Written by Mary Nwanua
It is February, the time of the year when we are still fired up and want to fulfill our goals, dreams, and aspirations. I am excited for you, and I hope you win big. But while you are at it, I have a few questions: How large is your dream? What do you aim for? What do you see? And on whose arm are you leaning on?
Hmmm, some profound questions!
Many of us often experience a taste of God’s goodness, grace, or anointing and mistakenly believe that’s the extent of what is available to us. We settle into a comfortable state, running on the old anointing, old wine, and an unrenewed strength, without realizing there’s more to explore. this reminds me of a scripture in the Holy Bible where the prophet Ezekiel was taken to a river (Ezekiel 47: 1-6).
Initially, the water was at ankle level, but as he ventured deeper, it kept rising. So, he had to rely on the Lord’s strength as the water surpassed his ability to move. As interesting as it is in its narrative, the scripture prompts contemplation on what might have happened had Ezekiel remained at the point where the water merely touched his ankles.
How would he have gauged the depth of the water?
It’s like staying at the river’s edge – you won’t know the depth until you dive in.
What would have happened if he had dived deeper into the water without assistance?
Well, this scenario can only leave room for speculation.
Dearly beloved, the depth of knowing comes from actively exploring; and the ability to sustain what you know hinges on the support received or the roadmap followed during the journey of discovery. So, here’s a quick for you:
What do you know?
What or who sustains you?
Who feeds your knowledge?
The Ezekiel 47: 1-6 analogy illustrates how staying in a place of comfort can lead to complacency and even bondage. It’s akin to becoming a slave to that comfort, limiting oneself to what seems familiar. comfort can be deceptive, causing us to let our guard down and making us vulnerable to the enemy’s subtle attacks (Matthew 13:25). , Also, take Jacob’s blessing on Issachar:
14 Issachar is a strong ass couching down between two burdens:
15 And he saw that rest was good, and the land that it was pleasant and bowed his shoulder to bear and became a servant unto tribute.(Gen 49: 14-15 KJV)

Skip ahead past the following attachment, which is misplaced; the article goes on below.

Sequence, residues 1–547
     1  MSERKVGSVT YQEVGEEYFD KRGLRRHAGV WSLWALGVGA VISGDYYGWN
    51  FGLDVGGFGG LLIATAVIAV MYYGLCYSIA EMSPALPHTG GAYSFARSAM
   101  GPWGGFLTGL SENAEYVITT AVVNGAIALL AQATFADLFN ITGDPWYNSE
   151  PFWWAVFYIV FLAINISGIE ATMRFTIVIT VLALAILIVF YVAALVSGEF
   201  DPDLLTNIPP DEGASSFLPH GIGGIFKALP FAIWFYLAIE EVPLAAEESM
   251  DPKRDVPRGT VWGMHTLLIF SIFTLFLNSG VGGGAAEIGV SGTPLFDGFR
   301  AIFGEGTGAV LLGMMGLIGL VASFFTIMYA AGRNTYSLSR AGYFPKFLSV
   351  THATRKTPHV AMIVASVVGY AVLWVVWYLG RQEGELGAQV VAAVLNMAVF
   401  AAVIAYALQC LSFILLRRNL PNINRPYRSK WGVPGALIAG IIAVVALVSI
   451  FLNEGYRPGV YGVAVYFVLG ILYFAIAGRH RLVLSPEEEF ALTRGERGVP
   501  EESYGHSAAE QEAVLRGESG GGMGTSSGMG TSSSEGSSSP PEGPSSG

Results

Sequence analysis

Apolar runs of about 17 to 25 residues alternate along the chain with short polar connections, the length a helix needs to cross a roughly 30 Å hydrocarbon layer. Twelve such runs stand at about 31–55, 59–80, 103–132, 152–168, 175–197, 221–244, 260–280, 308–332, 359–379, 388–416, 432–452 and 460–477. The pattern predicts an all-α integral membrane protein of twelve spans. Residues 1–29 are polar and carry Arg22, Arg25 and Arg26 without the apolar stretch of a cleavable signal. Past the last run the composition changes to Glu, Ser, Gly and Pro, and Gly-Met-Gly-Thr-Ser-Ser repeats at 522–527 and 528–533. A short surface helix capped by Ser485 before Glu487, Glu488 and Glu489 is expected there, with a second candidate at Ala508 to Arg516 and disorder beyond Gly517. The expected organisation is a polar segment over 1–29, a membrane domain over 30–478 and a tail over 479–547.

As I reflect on the scripture, three words echo strength, comfort, and sight. The scripture begins by highlighting Issachar’s strength and transitions into the significance of his viewpoint (sight), culminating in comfort-related choices. Issachar’s blessing serves as a cautionary tale— starting as a strong man but ending up as a servant to tributes or subjected to forced labor, which resulted from his choice. This raises the question of what he sees and from whose perspective. The emphasis on how we perceive things, define comfort, and acknowledge our strengths resonates. This verse also leaves me contemplating the danger of not understanding one’s strength.
Pondering on this scripture, I question: How do you define yourself? What strengths, abilities, or giftings do you possess? What do you see or perceive? What choices do you make based on your perceptions? Where do you position yourself? What will be the result of your options? Consider where you stand and what your ultimate destination is. In the journey from prophecy to recognition and fulfillment, we must navigate personal abilities, perspectives (sight), and comfort to reach our ultimate goal.
Similarly, many of us possess abundant gifts and talents from the Lord, yet due to comfort or misconceptions, we settle for less than what we are called to. Comfort can hinder growth when defined by our standards rather than God’s. Furthermore, the examples of Elisha’s servant (2 Kings 6: 17-20) and the blind man of Bethsaida (Mark 8:22-26) highlight the significance of seeing with clarity.
Finally, it’s my prayerful plea that we open our eyes to the reality of who we are in God and the strength we’ve been given. Also, recognizing that there is more to God, situations, and circumstances is crucial. Do not settle for less when God has more in store, and avoid seeing a starting point as the final destination.
“Explore the vastness of God’s blessings and do not limit yourself to a perceived endpoint.”